Discover the rare marine biodiversity of Fiordland
In order not to stay too long in the very cool fresh water, divers immerse themselves rapidly along the rock wall in muddy water colored by humus and organic decomposition. Curious sensation of floating in this kind of ice tea at a temperature of 5 °C, atmosphere sepia photograph of the 19th century… The top layer thickness of 5 to 10 meters is made of fresh water coming from rivers and waterfalls of dropping from the mountains, while the lower layer coming from the sea is distinguished by its incredible clarity. What a relief to finally feel the warmth of the salt water whose temperature rises about 14 ° C! And wonder how to observe this new world populated by unexpected species. Fjords are known to house in 10 meters depth species usually living at 1000 meters! Ground observation dreamed for marine biologists. The lack of swell and darkness which rule are responsible for this phenomenon. The difference in refractive index between the two layers of water gives difficulties to the light to penetrate. There are, therefore, many species living closer to the surface than usual, as the black coral (Antipathes fiordensis).
Sensitive species with slow growth and long life
Fiordland is known for its population of black coral, marine fjords real star, which turns out to be the largest in the world. These animal colonies live here between 5 and 35 meters deep and grow more slowly than their tropical counterparts. If black corals get their name in their vernacular skeleton, we recognize their branches with thousands of silvery branches. These kind of branches can measure up to 4 meters, allowing polyps deploy their tentacles to capture plankton in the current. Aware of the rarity of the species at this depth, we take time to admire a specimen hang to a rocky slope at -15 meters. As a fan, it swings elegantly from the clear waters of Doubtful Sound… Magic! Cessiles organizations, which are attached to the substrate, are numerous in the fjords. Fiorland also recorded the highest concentration and diversity of brachiopods in the world. On cliffs swept by currents, we see a world of colorful yellow and orange sponges, brachiopods bright red, crinoids, starfish, sea cucumbers and brittle stars… These soft coral species living in cold water are particularly fragile and very slow growth, with a life expectancy of between 50 and 100 years for some! Like bulls in a china shop, we are moving slowly maximizing buoyancy and controlling each stroke of fins to minimize our footprint in this masterpiece.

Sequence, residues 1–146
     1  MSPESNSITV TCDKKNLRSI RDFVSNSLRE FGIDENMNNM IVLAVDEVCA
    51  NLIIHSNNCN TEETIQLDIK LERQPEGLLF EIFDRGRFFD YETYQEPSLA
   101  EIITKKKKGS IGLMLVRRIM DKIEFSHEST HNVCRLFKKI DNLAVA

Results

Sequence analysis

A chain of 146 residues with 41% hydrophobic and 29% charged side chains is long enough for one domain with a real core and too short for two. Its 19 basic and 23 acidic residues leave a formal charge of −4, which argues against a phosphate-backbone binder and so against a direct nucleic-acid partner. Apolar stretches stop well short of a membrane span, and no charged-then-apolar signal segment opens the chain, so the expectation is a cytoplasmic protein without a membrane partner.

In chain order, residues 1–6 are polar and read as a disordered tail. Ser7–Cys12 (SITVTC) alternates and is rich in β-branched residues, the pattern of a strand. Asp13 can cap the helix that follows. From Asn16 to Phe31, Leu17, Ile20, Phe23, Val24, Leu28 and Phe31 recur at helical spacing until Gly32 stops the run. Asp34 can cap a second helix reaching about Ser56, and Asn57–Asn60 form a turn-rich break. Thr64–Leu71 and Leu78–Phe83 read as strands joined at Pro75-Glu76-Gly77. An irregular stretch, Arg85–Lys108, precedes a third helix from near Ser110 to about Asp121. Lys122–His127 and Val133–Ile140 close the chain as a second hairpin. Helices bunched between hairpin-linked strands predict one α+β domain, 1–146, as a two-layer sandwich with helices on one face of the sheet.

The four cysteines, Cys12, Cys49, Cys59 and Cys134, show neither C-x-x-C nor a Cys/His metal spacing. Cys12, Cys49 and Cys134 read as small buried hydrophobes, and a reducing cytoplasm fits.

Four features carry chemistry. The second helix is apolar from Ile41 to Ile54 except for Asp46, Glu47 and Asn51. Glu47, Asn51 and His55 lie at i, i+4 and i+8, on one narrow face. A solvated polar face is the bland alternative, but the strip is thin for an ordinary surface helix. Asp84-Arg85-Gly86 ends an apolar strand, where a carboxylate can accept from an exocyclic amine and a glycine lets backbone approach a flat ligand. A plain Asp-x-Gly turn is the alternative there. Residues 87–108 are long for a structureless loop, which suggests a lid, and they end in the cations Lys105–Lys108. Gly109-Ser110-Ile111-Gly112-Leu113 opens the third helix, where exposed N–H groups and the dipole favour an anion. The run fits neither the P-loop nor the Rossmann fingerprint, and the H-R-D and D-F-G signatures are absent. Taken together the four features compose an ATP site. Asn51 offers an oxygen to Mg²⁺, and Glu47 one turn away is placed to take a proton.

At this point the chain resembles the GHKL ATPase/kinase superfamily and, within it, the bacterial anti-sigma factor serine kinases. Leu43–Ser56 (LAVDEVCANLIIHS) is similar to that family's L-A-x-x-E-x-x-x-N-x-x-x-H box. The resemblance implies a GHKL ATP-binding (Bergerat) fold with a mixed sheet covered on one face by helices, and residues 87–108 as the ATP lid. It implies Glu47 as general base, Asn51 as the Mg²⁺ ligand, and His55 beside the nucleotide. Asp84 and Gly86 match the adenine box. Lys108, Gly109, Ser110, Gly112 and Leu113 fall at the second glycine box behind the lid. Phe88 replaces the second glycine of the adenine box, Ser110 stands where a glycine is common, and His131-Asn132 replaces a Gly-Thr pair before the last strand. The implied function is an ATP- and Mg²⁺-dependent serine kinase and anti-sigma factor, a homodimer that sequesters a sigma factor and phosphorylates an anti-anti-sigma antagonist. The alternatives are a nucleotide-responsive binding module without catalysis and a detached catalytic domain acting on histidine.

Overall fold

Considered as one of the most exciting dive spot of New Zealand, ‘Gut’ not the most poetic name, remains a spot for experienced divers due to its depth and currents that can be very violent in certain areas. These warnings in mind, we carefully dive until a wide sandy plateau at a depth of 25 to 30 meters where we discover with delight a beautiful crimson color pennatules group. These small ferns of 30 cm to 40 cm height erect upright on the bottom. A magical and unusual situation for most divers who rarely have the opportunity to observe this pennatule species. Like many others fjord marine species, these sea pens are observed in very shallow waters.
Rare species of soft corals in cold water
Some ‘blue cods’ (Colias Parapercis) and sand perch keep us company while we take a few pictures of these aquatic treasures. But we are not at the end of our surprises since falling 10 meters further, we reach the highlight of the dive: a magnificent massive hydrocorals a striking bright red! In addition to these jewelry, stands a rocky reef covered with a carpet of bright yellow parazooanthides. The decor is truly magical. Away from ideas of dark colors and dull, the seabed fjords offer incredible atmosphere and surprises for divers who can satisfy their fantasies of treasure hunters… Time to take some photos for this vision chimeric we begin the ascent. Indeed, it is not recommended to dwell in these waters deep near a stream which can be dangerous. And then we need to think about decompression, the way back we needed to spend the day by the Wilmot Pass, a road passes totaling 680 meters.
The marine reserve is too small and without effective control
Dives into the fjords cannot be improvised and require a certain diving experience. During the immersion, we unfortunately have seen some broken coral branches and some macro waste… Of damage, according to our hosts, the increase in attendance dive sites and a lack of respect for the ecosystem so unique and fragile. According to Ruth and Lance Shaw, sport fishing boats are more likely to browse the Doubtful Sound despite its geographic isolation. Lack of control, these operators catch blue fishing cods, groupers, abalone, lobster and scallops respect without any quotas… Our guides remind us that their company Fiordland Ecology Holidays was the only one to offer cruise without fishing! Today, most operators offer Doubtful Sound cruises with fishing and even hunting deer activities… Ruth and Lance deplore the too small marine reserve, which represents only 5% of the total Doubtful Sound area! Proposals for the establishment and expansion of marine reserves and establishing quotas to better manage the daily catch of fish by species and seasons were made by the ‘Guardians of Fiordland Fisheries and Environment’ organization which includes members of the local Maori tribes. Meetings are held regularly with local officials representing the DOC, but no decision has been endorsed so far. Development of sustainable tourism is one of the solutions to enable Fiordland keep its treasures…